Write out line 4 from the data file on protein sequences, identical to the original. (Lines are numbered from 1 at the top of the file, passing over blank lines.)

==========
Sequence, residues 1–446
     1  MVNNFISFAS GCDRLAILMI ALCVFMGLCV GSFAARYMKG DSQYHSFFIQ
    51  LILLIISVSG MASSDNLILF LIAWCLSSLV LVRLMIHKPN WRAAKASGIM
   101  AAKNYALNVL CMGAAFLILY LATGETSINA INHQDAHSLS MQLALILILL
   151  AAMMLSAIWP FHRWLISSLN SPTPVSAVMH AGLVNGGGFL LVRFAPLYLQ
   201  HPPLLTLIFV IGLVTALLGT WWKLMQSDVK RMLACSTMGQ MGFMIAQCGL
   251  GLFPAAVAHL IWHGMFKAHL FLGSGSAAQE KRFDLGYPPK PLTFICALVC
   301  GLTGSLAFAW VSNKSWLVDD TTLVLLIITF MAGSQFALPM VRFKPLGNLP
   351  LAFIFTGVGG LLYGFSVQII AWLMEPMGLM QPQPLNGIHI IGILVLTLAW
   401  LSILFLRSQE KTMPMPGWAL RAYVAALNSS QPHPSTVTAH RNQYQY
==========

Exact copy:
   101  AAKNYALNVL CMGAAFLILY LATGETSINA INHQDAHSLS MQLALILILL